Sunday, November 18, 2012

Wildflower Weekend Day Two

On Saturday September 22, day two of the Kansas Native Plant Society Annual Wildflower Weekend (AWW) began at Southwestern University here in Wifield, Kansas. The annual membership meeting began with donuts, coffee, a photography contest, and a silent auction on all sorts of native plant stuff. The emcee of the meeting was the newly elected president Michael J Haddock (author of 'Wildflowers and Grasses of Kansas'). Normal business matters took place, appreciation of those officers who served the previous year and welcoming new officers. Speakers spoke on the current state native grass Little Bluestem and programs/resources available from the society to speak and introduce the prairie to schools or groups. The photo contest winners were presented, followed by our main speaker Jim Mason of the Great Plains Nature Center in Wichita, Kansas. Jim's topic was 'Flying Flowers' which of course is our native butterflies, many images and facts were presented and afterwards we recieved a free copy of his Pocket Guide of Kansas Butterflies. Nice gift.
 We finished our catered lunch and headed south to our second AWW field trip, Chaplin Nature Center. This preserve, owned and operated by the Wichita Audubon Society is situated on 200 acres of diverse native habitat adjacent to the Arkansas River.
Arkansas River near Chaplin Nature Center
To begin we capooled to the Center building located on the upper hills overlooking the river. We hiked throught native hardwoods, a tallgrass praire and them the river itself. Many enjoyed wading in the shallow current and others enjoyed watching butterfly taggers capture Monarchs and adding tag information.
No this doesn't harm the butterfly and provides information for Monarch Watch.
Alien Life Form?
I originally thought the plant above was some variety of Joe Pye Weed (Eupatorium) but I was incorrect.
It is Verbesina virginica  L. - Frostweed or White Crownbeard.
Flowers: July-September
Height: 2-8'
Comments: The common name frostweed comes from the plant's behavior when there is a hard frost. The stem splits near the base and the sap that seeps out freezes in conspicuous ribbons of ice. Helianthemum bicknellii is another Kansas plant that goes by the common name "frostweed".*
 Doesn't it look like Joe Pye here? I didn't take a lot of images at the Center which is disappointing now. However on my way home through a shortcut I happened upon this choice mass of Eriogonum annuum  Nutt.- Annual Buckwheat. Very impressive image of blooms in a very sandy location.
Wow, how impressive for a weed native plant. Surely there are improved varieties of Buckwheat.
Flowers: July-September
Height: 1-3.5 ft.
Comments: Native Americans boiled the plant and used the resulting liquid as a lotion to treat ant bites and mouth sores. They sometimes rubbed the fresh leaves on bison and deer hides to help tan them. The sparse foliage and dense hairs of annual Eriogonum help it tolerate droughts.

Day Three to come.





12 comments:

  1. Great pictures, Greg. Mike Haddock and I were high school classmates at Beloit High School!

    ReplyDelete
    Replies
    1. thanks Sarah. I remember Beloit as a child.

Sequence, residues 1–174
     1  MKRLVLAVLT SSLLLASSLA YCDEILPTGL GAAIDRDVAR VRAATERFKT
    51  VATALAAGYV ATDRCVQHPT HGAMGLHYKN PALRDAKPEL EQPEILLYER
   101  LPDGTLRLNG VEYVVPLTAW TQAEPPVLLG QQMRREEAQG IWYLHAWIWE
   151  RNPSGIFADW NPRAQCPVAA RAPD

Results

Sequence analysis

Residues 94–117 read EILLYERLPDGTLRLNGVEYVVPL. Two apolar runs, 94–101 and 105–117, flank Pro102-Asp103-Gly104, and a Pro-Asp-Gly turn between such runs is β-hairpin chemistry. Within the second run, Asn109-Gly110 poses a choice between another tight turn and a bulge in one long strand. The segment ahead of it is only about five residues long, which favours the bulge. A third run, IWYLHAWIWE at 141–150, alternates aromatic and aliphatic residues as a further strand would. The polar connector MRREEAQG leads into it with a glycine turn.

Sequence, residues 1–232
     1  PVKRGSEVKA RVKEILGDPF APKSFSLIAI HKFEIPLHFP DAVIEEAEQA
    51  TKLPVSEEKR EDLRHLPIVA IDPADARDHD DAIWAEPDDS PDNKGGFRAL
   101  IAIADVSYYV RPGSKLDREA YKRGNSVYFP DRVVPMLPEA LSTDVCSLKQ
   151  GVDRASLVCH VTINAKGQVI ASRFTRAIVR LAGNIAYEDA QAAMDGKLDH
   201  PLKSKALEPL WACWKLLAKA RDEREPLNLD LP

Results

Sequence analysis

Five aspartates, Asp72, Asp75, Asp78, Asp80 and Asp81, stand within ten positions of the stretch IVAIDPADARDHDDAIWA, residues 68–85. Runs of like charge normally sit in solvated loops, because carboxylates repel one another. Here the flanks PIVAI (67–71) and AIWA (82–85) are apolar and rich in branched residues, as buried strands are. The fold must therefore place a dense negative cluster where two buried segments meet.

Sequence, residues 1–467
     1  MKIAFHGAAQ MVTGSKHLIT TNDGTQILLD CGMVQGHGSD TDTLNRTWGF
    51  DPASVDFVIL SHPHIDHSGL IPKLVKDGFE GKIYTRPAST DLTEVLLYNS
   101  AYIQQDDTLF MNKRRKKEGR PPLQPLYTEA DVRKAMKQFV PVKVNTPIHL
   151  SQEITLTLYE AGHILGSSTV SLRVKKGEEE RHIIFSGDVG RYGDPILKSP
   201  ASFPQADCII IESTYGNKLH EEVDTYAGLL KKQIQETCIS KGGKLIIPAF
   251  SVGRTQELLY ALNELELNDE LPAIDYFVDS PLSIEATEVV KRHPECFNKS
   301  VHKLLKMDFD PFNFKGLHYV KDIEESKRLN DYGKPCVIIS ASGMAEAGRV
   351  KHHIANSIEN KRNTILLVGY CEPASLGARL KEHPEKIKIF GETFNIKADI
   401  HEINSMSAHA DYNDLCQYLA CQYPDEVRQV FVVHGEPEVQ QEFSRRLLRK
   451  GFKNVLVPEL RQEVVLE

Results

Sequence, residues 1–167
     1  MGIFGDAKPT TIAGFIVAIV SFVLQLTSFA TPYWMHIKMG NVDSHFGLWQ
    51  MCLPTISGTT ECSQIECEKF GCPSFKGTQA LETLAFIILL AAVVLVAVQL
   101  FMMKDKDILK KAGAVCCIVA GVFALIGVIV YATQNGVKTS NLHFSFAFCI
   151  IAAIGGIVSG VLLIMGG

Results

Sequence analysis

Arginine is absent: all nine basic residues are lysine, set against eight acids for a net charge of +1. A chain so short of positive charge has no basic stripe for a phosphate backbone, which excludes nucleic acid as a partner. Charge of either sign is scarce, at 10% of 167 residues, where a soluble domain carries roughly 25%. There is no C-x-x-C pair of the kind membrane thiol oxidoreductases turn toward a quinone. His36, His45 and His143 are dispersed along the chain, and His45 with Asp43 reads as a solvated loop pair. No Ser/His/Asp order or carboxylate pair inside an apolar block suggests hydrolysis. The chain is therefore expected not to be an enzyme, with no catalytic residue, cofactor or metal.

Delete
  2. Great post...love the Frostweed (I would have though Eupatorium too). The Buckwheat is stunning...love it! There area a bunch of ornamental Buckwheats available...not sure of the hardiness of the ones i've seen for sale, though...most of them were California natives :-(

    ReplyDelete
    Replies
    1. Scott I think your right about the commercially grown Buckwheats.

      Delete
  3. Enjoyed these posts very much, the frostweed is beautiful We have it here in the fall as well and I did not know why it is called frostweed.

    ReplyDelete
    Replies
    1. Thanks Shirley, I had no idea it grew there.

      Delete
  4. That buckwheat looks fantastic en masse like that. Gail (clay and limestone) has featured frostweed on her blog before. After seeing her pictures I've been wanting to get my hands on some seed.

    ReplyDelete
    Replies
    1. the buckwheat was amazing, the photos didn't do it justice. I should get some seed...

      Delete
  5. The Frostweed and the Buckwheat en masse are definitely pleasing to the eye. I always find plant medicinal uses fascinating--many of them were probably more effective than modern medicines, although some also carried nasty side effects. Thanks for the info. Great post! I'm enjoying this series.

    ReplyDelete
  6. Sounds like a great event. That photo where the buckwheat almost fills the frame is great. They're a favorite of mine lately. We have a lot of varieties out in California that are popular.

    ReplyDelete
  7. Hi Greggo, Annie's Annuals sells a few varieties of Buckwheat. I purchased a dark pink variety but it was too tender to survive the winter--very disappointing.

    What a fun trip. Thanks for the birthday wishes.

    ReplyDelete
  8. The buckwheat is interesting. I don't think I have ever seen it before. It looks like that frost weed is around 2-3 feet tall? Mine easily get over 6 feet tall by the end of the summer. If you ever plant it, be sure not to let the flowers go to seed or it will live up to the weed part of the name an pop up everywhere. Ask me how I know.

    ReplyDelete

Thanks for leaving any comments, they are always welcomed. Sorry I had to add word verification as spam was becoming a huge problem. Greggo,